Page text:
It is safe to say that the World Wide Web has become an abomination in light of what its creator, Tim Berners-Lee, envisioned it as — a decentralized, open exchange of information. Now, it is riddled with choking points. However, the good news is that Bitcoin (BTC) has already demonstrated the case for decentralization. As a sovereign, leaderless, deflationary currency, the cryptocurrency is now widely in use as a hedge against inflation.
Bitcoin and other cryptocurrencies are able to counter centralized monetary power because they are decentralized and secured by blockchain. Can this technology be used to accomplish the same for the internet?
Enter the Decentralized Social Media (DSM) model, a polycentric model of online interaction recently proposed on Medium by Ross Ulbricht, the currently imprisoned founder of Silk Road, an infamous illicit online marketplace that jump-started the popularity of Bitcoin in the early 2000s.
To oversimplify, Ulbricht’s DSM model would remove those automatic and manual moderation tools from under the hood of a social media’s servers and place those same processes in the device of the social media user under the control of separate companies that stand to profit from providing moderation and aggregation services at the discretion of the device owner. Users could access any or all of the web’s available social media content feeds at once and only be fed content within their own acceptable parameters while retaining ownership of their user data. All of this would be done through the operant function of Bitcoin, the encrypted blockchain.
ColdStack and BitTorrent are working together to make the capabilities that BitTorrent possesses to the ColdStack ecosystem. Both platforms have a lot to offer, and now ColdStack users will have the ability to leverage the world’s most advanced P2P sharing ecosystem from the ColdStack platform.
“BitTorrent File System (BTFS) is one of the first decentralized file storage systems, and provides a foundational platform for decentralized apps. BTFS is supported by millions of BitTorrent user nodes. It is both a protocol and network implementation that provides a p2p mechanism for storing and sharing digital content in a decentralized filing system. It is a next-generation file-sharing protocol utilizing the TRON network and the BitTorrent ecosystem.”
The Parler incident was one of a deeply comprehensive “deplatforming” efforts – i.e. censorship of an independent and upcoming social media platform – that eventually got removed from the internet infrastructure in a fit of post-November US elections rage influencing platforms ranging from social networks all the way to cloud hosting and storage corporations.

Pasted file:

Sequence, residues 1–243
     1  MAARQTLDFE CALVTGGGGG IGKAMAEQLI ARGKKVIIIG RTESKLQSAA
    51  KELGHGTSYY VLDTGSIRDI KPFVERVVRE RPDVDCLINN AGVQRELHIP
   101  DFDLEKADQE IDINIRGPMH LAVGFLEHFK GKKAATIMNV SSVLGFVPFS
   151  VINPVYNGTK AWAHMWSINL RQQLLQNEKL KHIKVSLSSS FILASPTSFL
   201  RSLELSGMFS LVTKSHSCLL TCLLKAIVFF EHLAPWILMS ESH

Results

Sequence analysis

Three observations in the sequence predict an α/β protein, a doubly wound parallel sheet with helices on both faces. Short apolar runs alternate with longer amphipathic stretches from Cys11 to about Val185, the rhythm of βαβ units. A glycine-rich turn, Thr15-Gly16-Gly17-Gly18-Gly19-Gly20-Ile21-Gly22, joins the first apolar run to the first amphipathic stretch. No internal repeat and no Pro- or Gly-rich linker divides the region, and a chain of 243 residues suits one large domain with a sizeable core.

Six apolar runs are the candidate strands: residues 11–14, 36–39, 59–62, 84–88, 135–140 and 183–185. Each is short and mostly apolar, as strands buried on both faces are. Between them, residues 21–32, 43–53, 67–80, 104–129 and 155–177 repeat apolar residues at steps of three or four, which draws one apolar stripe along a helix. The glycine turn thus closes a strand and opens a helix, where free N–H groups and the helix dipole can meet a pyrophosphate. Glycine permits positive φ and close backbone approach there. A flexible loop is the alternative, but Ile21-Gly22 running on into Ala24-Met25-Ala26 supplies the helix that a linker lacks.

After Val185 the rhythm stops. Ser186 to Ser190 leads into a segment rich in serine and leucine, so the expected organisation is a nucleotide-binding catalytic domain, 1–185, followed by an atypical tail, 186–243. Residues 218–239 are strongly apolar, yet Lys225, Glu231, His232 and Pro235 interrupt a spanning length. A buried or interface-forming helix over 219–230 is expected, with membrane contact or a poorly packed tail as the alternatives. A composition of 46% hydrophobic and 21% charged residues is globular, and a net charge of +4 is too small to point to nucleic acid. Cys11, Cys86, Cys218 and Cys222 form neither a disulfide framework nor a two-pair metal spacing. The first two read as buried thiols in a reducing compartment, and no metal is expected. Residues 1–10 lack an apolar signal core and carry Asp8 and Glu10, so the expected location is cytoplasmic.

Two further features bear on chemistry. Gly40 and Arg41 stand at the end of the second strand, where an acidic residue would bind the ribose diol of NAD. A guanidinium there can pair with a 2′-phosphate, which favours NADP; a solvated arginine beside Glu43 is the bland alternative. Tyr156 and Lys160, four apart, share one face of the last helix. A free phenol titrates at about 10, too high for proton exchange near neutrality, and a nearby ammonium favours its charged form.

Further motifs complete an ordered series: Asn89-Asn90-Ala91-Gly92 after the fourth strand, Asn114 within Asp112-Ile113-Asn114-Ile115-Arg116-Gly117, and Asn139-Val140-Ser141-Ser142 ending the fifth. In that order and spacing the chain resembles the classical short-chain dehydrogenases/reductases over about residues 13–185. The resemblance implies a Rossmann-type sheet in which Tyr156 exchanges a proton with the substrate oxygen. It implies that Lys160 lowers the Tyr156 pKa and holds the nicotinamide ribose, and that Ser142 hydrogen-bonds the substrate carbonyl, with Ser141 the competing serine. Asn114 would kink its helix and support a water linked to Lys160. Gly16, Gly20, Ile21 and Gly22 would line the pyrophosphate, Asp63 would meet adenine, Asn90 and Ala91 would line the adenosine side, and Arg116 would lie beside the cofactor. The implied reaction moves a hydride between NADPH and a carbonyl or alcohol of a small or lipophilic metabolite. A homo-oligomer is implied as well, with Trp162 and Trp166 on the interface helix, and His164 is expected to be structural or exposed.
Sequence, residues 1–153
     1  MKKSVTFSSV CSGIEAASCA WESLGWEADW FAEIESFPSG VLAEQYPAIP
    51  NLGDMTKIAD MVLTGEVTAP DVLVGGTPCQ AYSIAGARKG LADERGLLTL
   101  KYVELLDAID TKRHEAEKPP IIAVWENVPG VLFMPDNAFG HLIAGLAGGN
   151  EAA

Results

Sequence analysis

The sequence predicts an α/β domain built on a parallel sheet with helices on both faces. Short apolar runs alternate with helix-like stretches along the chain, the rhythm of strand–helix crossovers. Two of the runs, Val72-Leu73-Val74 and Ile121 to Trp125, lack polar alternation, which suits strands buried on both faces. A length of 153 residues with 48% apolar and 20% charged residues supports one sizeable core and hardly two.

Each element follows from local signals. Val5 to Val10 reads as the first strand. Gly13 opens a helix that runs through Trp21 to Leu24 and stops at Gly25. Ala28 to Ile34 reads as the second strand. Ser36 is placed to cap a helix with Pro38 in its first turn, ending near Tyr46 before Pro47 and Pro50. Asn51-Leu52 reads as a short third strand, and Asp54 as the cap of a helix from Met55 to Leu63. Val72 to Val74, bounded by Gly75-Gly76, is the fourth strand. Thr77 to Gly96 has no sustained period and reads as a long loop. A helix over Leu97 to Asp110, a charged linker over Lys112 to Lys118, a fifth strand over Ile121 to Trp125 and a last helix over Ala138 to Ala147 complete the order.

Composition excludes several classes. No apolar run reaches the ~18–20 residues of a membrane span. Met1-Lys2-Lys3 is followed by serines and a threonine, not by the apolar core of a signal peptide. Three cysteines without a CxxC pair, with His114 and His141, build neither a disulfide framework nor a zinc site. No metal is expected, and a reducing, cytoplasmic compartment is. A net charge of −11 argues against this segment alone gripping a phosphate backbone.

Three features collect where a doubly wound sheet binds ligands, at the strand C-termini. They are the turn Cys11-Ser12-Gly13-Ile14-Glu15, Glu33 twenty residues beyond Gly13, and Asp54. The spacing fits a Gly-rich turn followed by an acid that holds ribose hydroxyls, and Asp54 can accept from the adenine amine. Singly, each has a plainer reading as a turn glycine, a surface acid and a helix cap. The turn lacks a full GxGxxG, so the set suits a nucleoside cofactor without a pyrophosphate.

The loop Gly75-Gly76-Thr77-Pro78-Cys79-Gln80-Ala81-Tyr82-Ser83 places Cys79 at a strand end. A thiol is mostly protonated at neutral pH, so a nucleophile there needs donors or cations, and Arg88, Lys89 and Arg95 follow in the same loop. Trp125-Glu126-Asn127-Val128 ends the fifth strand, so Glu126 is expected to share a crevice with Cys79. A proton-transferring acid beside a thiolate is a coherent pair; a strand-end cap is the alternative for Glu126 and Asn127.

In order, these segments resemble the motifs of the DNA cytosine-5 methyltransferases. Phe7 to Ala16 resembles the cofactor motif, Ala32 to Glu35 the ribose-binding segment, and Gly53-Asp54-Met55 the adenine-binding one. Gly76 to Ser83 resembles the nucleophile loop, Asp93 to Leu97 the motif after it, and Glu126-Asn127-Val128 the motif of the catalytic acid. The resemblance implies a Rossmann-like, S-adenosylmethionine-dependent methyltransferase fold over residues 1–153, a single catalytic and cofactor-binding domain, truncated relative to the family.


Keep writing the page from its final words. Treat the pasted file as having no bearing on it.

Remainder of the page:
Deplatforming poses little threat to establishment conservative institutions and personalities because they pose little threat to the left or to Silicon Valley. There’s no reason for the social media companies to ban them. But ignoring the problem of social media censorship is a great disservice to conservative voters and Americans in general because they do face a reduction in their ability to express themselves in the public square.
Before the “great de-platforming” following the events at the Capitol on January 6, defenders of a laissez-faire approach to social media were able to tell those unhappy with Big Tech’s content moderation decisions to simply switch platforms. But when Amazon Web Services removed Parler from its cloud hosting, making the app impossible to access, the case against a government crackdown became less convincing. But if given some time to innovate in an environment free from stifling regulation, the market may yet produce a solution in the form of decentralized social media.
Policeware vendors once commanded big, big bucks to match a person of interest to a location. Over the last decade prices have come down. Some useful products cost a fraction of the industrial strength, incredibly clumsy tools. If you are thinking about the hassle of manipulating data in IBM or Palantir products, you are in the murky field of prediction. I have not named the products which I think are the winners of this particular race.
The focus of this write up is the useful information derived from the deplatformed Parler social media outfit. An enterprising individual named Patri10tic performed the sort of trick which Geofeedia made semi famous. You can check the map placing specific Parler uses in particular locations based on their messages at this link. What’s the time frame? The unusual protest at the US Capitol.
Sure looks like a Deep State conspiracy.
PARLER GOT FUCKING OWNED BAD…and I mean BAD
This group of Internet Warriors then used that account, to create a handful of other ADMINISTRATION accounts, and then created a script that ended up creating MILLIONS of fake administration accounts.” Source & related images of text
Continue reading “Defdog: Attack On Parler A Criminal Conspiracy? Update”
ROBERT STEELE: I value Ben Fulford, whose decades of work as a financial and political journalist with a focus on Deep State and Asia are unmatched by anyone I know. Subscribe to him here. Today’s report is quite good. Below is a graphic from that report.
Our Web 3.0 working group has a more nuanced and comprehensive plan than the above, but the above is useful as a public perception device — it is easier to shut BigTech down and migrate than most people imagine.